By Chair Helen Clark (Rt.Hon.) of the Global Commission on Drug Policy
The Economist usually publishes excellent, robust articles on drug policy. But in its 1 December issue, which somewhat ironically is World AIDS Day, was an opinion piece titled ‘America’s syringe exchanges might be killing drug users’.
The unnamed author of the piece called on public health experts to update their thinking based on the ‘fresh evidence’ from a single piece of literature published in June this year. The single study the author relied on is an outlier amongst decades of international scientific evidence showing the benefits of needle and syringe access services (NSPs). Would The Economist so forcefully disregard hundreds of scientific peer-reviewed studies demonstrating the effectiveness of COVID-19 vaccines based on a single study claiming that they were ineffective? I think not.
The most disturbing claim in the article was that NSPs are “killing drug users”. This claim goes to the heart of the problem with the original research, albeit somewhat exaggerated by the opinion piece author. As might be expected, NSPs are implemented and maintained in places
with higher density of injection drug use, where opioid overdoses are more likely to occur. Yet the author has failed to account for ‘survivor bias’. That is, NSPs are more likely to be maintained and ‘survive’ in areas with increasing injection drug use, and thus likely to experience increasing overdoses.
The author of the original research paper, Analisa Packham, also states that NSPs won’t fix the overdose crisis in the context of widespread fentanyl contamination; that is uncontroversial, and no one claims it to be the case. We need a broader suite of interventions for that. Yet, the article uses that argument to justify a distortion of the scientific evidence.
I do agree with the author on one point. If we want to curb the opioid epidemic, we need to get serious about implementing regulatory change. The drug market will continually move towards more novel, potent substances as a predictable outcome of prohibition. Regulating
supply, must be on our agenda.
The evidence is clear: NSPs don’t encourage drug use. Rather, a longstanding body of literature shows that this approach has been effective in preventing the transmission of bloodborne disease such arros HIV and Hepatitis C (and, indeed, other infections with serious complications, such as abscesses). Therefore, New Zealand, which was an early adopter of NPSs in the 1980s, has largely prevented endemic HIV rates among people who inject drugs – a very different outcome from that in countries that did not implement such programmes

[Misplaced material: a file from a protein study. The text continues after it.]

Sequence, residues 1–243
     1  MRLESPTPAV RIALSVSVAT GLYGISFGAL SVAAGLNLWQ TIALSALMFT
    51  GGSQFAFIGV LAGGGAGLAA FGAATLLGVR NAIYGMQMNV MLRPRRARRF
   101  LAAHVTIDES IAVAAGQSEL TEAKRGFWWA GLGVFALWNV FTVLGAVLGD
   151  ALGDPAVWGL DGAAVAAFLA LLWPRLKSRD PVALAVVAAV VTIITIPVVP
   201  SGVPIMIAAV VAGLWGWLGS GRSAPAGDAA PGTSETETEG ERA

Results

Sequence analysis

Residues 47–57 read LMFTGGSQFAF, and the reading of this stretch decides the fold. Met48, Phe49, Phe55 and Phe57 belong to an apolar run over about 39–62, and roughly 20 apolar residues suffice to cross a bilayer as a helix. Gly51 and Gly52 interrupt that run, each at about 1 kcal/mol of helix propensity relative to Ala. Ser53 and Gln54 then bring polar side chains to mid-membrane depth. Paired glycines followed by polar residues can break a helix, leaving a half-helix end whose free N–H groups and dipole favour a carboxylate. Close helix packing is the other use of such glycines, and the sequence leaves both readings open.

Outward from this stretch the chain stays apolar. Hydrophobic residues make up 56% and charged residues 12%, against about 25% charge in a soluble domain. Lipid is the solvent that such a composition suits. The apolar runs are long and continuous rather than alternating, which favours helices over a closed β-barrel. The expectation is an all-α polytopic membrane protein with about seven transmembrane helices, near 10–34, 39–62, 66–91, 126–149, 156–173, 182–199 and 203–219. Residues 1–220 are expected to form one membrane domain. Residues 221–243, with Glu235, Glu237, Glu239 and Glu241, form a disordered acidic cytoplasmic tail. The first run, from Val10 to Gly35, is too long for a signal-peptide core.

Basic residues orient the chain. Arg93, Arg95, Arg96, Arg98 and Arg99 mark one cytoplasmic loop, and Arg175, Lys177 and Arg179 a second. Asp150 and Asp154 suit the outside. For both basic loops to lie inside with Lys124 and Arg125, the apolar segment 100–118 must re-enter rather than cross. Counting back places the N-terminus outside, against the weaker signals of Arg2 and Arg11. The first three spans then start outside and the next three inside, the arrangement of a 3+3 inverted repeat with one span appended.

The opinion piece also challenged the efficacy of a range of life-saving harm reduction measures: HIV pre-exposure prophylaxis (PrEP), naloxone (the lifesaving medicine that reverses opioid overdoses), and supervised drug consumption spaces. Like NSPs, neither naloxone nor consumptions spaces alone can reverse the opioid epidemic, but they do play a very important role. Both are saving people’s lives by preventing or reversing overdose.
In their commentary on PrEP, the author says that adoption of the treatment doesn’t reduce condomless sex. Literature on the implementation of PrEP shows it has achieved remarkable reductions in HIV incidence, without an increase in other sexually transmitted infections. Again, the purpose of PrEP is to reduce the number of HIV infections, and not to discourage gay men from having condomless sex. NSPs alone cannot solve the opioid epidemic, but they are an important piece of the puzzle. We need a range of harm reduction and social services alongside policy and law reform. We also must approach these issues with compassion and understanding.
I hope The Economist returns to its usually robust reporting on these issues, and treats the victims of dangerously ineffectual drug policy with the same compassion afforded to any other group of people.